Sounding The Sea: An Interview w/ Philip Hoare

Posted on 12.05.2017

On June 15th & 16th Invisible Dust will be hosting a symposium, Sounding The Sea, with artists, activists and scientists all delivering talks on their work and discussing the ever worsening issues affecting the world’s oceans. Visit the project page here for information and tickets.

In the lead up to the symposium, we are asking some of the speakers a few questions.

Today, its author, television writer and professor Philip Hoare; for whom the sea and its creatures have been a continuing source of inspiration.

ID:  Do you feel the seas and marine life has helped to shape your writing?  

PH:  Since writing and publishing Leviathan or, The Whale (2008) and for a long time before, the sea has determined what I do.  When my mother was heavily pregnant with me, my father – for some reason! – took her on a tour of a submarine moored in Portsmouth Harbour.  She began to go into labour; I was nearly born underwater. Yet I never learned to swim until I was in my late 20s. I was mortally afraid of the sea, despite having been born and brought up beside it, here in Southampton.  I swim in it every day, winter spring summer and autumn. This morning I swam at 3 am in the pitch dark, residual light glinting on the oily water. It is the thought of what lies below that enthralls and appalls me. Yet I have never felt so safe in the water as when I swim with whales, monolithic grey leviathans whose placidity and communality puts us to shame.  Home to a whale is other whales. I feel the sea is my home, too. When I swim in the darkness, I pull it over myself like a quilt.  

ID: Is there a personal experience involving the sea that really sticks out in your memory?

PH: All of them.  But my first encounter with a sperm whale, swimming to me as close as you are to me now, reading on your blue screen, is hard to dispel.  She is always there in my head, echo-locating my body with her click-click-clicking, trying to work out what I was. I was trying to do exactly the same.  In March I was back in the water with whales. But this time it was a rather less placid experience. You’ll have to wait till my talk to find out.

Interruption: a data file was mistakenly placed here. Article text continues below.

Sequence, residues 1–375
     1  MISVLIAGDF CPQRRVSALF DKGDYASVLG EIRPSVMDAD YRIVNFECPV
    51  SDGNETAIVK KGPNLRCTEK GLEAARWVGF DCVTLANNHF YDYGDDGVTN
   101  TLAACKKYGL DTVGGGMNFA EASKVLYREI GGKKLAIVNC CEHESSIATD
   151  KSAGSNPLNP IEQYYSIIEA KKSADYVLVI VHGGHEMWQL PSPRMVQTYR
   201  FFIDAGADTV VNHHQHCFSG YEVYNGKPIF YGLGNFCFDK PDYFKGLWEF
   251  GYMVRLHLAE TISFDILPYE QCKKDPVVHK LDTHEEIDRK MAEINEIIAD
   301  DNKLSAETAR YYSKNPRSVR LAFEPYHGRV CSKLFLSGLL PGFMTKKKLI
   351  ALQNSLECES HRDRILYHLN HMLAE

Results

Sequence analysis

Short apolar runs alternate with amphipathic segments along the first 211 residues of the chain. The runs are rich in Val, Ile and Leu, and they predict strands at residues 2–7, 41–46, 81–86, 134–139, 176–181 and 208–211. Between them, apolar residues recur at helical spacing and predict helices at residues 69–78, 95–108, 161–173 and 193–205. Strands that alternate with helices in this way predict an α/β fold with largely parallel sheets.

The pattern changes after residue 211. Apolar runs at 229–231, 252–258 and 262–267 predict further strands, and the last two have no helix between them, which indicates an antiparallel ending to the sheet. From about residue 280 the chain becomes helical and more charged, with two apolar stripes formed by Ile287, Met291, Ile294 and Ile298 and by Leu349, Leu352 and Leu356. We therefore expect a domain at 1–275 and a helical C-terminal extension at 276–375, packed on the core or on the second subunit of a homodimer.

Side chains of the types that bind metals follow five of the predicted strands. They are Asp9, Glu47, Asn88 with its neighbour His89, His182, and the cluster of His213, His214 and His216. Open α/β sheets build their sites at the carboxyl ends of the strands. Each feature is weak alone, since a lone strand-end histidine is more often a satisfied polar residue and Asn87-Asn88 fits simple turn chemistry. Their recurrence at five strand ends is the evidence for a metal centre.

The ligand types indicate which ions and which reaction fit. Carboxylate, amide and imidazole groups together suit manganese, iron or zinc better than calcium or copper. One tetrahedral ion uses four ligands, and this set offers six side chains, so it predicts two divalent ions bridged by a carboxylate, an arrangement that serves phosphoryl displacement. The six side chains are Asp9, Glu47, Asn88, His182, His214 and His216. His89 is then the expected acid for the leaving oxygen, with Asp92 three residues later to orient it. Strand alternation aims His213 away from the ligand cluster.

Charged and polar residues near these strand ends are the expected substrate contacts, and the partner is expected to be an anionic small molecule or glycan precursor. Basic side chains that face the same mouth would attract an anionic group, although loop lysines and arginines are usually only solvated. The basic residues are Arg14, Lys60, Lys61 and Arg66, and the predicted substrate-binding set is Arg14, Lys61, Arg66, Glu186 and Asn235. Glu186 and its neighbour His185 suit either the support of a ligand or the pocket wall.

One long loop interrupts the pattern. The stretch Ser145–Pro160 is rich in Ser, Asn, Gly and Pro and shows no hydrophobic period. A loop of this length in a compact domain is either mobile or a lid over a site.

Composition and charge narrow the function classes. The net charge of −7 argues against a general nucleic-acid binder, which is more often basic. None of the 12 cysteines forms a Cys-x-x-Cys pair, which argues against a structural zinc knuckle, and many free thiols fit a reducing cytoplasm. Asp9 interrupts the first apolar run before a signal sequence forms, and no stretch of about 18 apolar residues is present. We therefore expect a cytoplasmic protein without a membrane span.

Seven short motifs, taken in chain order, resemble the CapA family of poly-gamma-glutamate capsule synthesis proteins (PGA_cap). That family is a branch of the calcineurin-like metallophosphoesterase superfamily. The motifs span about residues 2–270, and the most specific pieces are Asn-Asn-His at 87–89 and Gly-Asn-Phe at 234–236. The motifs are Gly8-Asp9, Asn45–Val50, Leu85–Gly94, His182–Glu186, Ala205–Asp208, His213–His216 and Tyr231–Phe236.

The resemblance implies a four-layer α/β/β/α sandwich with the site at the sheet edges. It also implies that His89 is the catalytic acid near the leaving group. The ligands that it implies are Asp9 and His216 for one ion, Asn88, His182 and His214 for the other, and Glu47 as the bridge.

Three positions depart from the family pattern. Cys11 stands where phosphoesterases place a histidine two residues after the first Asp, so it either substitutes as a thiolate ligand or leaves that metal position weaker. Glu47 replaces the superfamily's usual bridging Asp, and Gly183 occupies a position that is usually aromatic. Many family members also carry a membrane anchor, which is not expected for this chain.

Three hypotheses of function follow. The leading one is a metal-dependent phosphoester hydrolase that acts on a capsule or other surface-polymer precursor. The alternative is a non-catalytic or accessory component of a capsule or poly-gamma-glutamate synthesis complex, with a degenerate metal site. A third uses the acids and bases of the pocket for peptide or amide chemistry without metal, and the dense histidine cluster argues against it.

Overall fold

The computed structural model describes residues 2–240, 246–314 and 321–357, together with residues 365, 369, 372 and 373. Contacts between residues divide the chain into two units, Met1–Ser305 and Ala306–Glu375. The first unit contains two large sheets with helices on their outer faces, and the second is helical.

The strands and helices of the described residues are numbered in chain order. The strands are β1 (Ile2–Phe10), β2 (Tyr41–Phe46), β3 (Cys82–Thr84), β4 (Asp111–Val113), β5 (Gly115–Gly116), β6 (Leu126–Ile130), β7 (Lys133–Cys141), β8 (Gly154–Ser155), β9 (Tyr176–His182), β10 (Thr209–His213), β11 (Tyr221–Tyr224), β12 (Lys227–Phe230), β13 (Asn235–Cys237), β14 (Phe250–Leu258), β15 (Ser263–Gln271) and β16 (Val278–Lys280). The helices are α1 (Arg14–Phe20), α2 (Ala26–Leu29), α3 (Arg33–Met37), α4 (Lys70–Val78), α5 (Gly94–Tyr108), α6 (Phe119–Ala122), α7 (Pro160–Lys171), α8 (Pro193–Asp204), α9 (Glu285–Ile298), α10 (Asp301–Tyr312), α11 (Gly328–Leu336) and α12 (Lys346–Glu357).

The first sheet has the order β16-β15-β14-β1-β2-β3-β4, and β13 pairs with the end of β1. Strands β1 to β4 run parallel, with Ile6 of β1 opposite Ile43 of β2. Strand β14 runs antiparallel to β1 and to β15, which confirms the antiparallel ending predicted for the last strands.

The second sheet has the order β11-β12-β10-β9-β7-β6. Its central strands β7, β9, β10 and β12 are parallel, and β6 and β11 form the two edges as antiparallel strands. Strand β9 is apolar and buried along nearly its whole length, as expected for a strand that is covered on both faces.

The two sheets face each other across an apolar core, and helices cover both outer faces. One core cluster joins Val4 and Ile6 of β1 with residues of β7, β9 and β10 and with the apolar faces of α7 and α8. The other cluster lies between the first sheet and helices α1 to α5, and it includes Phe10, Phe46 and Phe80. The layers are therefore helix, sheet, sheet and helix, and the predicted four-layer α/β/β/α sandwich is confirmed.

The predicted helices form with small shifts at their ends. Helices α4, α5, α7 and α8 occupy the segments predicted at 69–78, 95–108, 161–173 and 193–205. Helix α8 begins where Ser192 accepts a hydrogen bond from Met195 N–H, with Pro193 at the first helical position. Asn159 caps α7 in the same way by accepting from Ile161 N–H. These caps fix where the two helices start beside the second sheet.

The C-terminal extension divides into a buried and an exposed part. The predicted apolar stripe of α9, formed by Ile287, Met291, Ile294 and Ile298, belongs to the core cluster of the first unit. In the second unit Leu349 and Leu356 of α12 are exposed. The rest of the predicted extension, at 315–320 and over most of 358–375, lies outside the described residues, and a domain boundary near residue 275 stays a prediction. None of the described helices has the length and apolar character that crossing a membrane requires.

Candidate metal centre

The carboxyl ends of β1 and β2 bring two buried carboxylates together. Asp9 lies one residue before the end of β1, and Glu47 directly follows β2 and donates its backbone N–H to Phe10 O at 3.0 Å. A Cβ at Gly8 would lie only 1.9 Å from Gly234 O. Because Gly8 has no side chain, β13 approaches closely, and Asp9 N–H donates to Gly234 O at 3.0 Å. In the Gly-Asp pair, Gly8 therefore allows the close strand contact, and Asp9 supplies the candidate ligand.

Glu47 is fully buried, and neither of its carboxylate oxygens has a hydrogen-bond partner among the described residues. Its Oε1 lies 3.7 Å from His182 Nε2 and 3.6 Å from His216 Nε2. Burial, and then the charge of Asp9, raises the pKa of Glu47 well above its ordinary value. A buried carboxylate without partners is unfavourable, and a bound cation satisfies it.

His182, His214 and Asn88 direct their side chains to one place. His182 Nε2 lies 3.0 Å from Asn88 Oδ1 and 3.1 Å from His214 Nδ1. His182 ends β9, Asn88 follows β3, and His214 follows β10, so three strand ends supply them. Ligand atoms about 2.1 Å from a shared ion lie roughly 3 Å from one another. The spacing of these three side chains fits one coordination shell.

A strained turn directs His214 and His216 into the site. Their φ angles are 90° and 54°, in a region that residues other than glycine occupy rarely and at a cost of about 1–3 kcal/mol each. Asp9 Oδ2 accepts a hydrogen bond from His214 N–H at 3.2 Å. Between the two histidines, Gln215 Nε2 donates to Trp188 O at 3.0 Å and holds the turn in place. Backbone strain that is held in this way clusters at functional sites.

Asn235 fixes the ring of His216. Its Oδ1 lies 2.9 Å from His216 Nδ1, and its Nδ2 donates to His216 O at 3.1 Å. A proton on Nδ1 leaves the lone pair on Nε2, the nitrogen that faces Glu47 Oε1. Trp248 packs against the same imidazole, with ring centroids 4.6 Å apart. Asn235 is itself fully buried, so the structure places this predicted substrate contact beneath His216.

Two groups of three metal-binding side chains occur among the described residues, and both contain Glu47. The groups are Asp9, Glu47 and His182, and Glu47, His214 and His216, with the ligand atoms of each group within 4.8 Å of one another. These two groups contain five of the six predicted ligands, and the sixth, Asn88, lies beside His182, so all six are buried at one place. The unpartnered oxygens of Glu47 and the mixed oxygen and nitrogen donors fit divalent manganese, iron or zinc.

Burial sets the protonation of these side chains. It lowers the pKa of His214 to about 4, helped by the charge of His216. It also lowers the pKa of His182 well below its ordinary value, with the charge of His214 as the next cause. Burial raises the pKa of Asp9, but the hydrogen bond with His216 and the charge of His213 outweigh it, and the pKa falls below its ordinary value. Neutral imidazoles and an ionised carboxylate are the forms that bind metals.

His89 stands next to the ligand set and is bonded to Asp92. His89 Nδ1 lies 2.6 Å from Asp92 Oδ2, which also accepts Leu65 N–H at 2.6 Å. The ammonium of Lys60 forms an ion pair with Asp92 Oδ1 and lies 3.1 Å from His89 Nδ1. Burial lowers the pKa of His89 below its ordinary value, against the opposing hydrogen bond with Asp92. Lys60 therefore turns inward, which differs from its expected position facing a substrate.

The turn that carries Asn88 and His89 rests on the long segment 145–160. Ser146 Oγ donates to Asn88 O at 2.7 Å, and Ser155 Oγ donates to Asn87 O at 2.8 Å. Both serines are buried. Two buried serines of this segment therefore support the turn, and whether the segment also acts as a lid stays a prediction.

ID: You’re currently a professor of creative writing at Southampton, when did you begin teaching and has it had any impact on the way you approach your writing?  

PH: I love teaching, which I’ve only just started doing, because I felt in my old age I ought to be responsible and do something respectable.  Luckily, because the University of Southampton realises it’s difficult to catch me in an academic net, they let me swim free. Students are great.  Like sponges. I pick them up and soak them with unutterable strangeness. They like that.

ID: Can you tell us about your new book Rising Tide Falling Star? 

PH: Well I can tell you that its title is RISINGTIDEFALLINGSTAR and it deals with drowned poets, eccentric artists, queer writers, tempests and storms, selkies and cetaceans and mythic birds and all the fluid states in between what we profess to be as a species and what we might really become.  It stinks of the sea. People say we are an island and we can pull up the bridges. They say we can set ourselves free and sail back into the past. But if the past teaches you anything about this archipelago we call home it’s inexorably connected, not disconnected, by the water that surrounds us.  There is no more fluid state that the sea around us and the sea inside. It is the future and the past and the present. You are 90% water. So is this planet. When people first heard the songs of humpback whales in the 1970s they thought they were listening to aliens underwater, singing a threnody, a lament for what we had done and still do to them.  What they’d forgotten is that we are all aliens, washed up on this shore.

Philip Hoare’s book, RISINGTIDEFALLINGSTAR, is published on 13 July.

Follow Phillip on Twitter: @philipwhale

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